Fig. 1
figure1

Diverse network

Fig. 2
figure2

Family and friend centred network

Fig. 3
figure3

Restricted network

Results

In total, the 24 respondents identified 162 network connections, 49 of whom were relatives, 58 friends (including colleagues) and 39 connections to the healthcare system, in addition to the 16 ‘other’ connections that include the internet and media as information sources. More people had family and friend centred (12) networks than diverse (8) or restricted (4) network types. The type of network, as presented in Table 2, appears to have an influence on antibiotic behaviour and attitudes. Most notably, the more diverse a network the more likely the individual will delay in help seeking as they gain support from family or friends. Furthermore, in general the more diverse a network the fewer formal healthcare professional (HCP) ties are present. The emerging network effect is discussed in the three main themes. The first is ‘rehearsed self-care strategies’ and the second is ‘the temporary and strategic role of HCP’ in network support. Finally, while consultation patterns and the issue of AMR are treated separately in the literature, the findings here indicate that in lay perspectives these are connected and this is covered in the third section ‘a mixed understanding of AMR’. (Table 2).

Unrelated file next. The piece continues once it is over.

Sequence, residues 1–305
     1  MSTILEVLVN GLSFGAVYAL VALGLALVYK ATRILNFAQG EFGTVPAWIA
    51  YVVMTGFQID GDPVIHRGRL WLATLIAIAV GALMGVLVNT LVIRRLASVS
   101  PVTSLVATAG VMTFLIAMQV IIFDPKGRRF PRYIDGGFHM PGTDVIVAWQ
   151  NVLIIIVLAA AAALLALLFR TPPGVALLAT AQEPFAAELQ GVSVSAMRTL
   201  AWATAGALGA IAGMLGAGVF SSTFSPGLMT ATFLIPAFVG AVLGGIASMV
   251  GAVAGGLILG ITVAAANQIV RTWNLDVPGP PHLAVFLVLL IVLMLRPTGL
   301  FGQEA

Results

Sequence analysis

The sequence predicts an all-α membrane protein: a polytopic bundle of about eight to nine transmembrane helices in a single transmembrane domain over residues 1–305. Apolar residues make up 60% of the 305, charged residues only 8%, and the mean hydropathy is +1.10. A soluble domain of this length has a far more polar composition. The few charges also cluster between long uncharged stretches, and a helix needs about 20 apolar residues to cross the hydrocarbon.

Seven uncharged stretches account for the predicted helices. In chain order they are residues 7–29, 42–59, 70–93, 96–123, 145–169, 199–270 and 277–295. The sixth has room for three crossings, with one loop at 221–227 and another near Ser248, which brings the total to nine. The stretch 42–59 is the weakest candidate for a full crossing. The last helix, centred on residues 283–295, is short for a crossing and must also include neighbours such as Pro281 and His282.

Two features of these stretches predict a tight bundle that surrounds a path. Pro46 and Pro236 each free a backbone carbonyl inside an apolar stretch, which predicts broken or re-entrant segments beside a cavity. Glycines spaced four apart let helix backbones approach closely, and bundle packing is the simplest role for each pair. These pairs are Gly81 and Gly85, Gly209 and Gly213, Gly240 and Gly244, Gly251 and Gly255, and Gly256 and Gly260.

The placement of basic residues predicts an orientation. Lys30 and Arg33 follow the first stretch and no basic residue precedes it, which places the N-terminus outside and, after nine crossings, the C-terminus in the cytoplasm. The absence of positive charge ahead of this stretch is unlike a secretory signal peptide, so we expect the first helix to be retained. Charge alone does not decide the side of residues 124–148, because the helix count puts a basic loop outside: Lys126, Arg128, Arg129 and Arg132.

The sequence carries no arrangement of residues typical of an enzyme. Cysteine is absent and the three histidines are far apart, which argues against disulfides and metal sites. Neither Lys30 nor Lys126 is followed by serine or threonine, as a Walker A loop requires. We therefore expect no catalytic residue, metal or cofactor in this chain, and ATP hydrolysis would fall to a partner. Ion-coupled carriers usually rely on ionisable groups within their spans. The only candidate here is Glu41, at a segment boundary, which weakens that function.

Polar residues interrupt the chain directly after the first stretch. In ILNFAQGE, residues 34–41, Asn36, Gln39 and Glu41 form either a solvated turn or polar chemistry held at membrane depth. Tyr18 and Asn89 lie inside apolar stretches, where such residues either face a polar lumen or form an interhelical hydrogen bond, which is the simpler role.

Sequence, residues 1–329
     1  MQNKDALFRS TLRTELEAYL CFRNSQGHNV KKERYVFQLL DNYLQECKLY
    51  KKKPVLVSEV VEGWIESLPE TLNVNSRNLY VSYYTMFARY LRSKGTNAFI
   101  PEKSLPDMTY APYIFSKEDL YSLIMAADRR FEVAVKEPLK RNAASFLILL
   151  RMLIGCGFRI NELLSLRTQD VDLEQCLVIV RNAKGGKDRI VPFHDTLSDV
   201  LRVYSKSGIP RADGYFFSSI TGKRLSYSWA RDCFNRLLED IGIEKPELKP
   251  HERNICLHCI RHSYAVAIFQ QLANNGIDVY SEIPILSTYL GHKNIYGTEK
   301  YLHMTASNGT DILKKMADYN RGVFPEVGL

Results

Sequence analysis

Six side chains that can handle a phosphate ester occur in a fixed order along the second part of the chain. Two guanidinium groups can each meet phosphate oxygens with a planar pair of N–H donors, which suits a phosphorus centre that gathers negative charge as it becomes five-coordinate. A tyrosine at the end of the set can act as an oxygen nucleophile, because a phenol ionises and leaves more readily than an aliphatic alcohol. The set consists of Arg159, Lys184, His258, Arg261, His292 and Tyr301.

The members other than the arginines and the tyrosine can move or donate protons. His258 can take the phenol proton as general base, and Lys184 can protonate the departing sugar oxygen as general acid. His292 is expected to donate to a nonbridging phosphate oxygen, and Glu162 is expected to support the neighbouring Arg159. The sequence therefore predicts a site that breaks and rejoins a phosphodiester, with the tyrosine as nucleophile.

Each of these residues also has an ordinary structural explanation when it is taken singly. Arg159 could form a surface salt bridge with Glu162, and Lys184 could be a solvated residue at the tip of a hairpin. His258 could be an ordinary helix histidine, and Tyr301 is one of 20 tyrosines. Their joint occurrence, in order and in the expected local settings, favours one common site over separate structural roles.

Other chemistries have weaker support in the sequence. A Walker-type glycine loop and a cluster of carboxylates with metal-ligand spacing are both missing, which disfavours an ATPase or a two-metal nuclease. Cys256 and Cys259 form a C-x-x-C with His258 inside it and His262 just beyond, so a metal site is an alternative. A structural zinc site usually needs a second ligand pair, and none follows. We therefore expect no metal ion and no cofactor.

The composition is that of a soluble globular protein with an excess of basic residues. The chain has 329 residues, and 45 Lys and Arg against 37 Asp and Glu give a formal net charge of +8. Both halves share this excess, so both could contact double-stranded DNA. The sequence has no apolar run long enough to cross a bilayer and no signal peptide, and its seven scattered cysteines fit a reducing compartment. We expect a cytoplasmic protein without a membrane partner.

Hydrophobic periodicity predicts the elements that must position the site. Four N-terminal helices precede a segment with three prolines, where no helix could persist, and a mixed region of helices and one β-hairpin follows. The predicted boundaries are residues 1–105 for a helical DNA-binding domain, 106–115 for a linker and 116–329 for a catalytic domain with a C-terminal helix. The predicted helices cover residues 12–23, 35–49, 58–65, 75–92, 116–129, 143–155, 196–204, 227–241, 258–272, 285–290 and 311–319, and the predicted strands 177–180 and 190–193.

Table 2 Network typology and key themes

Rehearsed self-care strategies

Individuals draw upon familiar and well-rehearsed self-care strategies, and those strategies advised by their network members, to manage what they consider to be the more immediate risk to their current health that would occur if action around amelioration is not taken.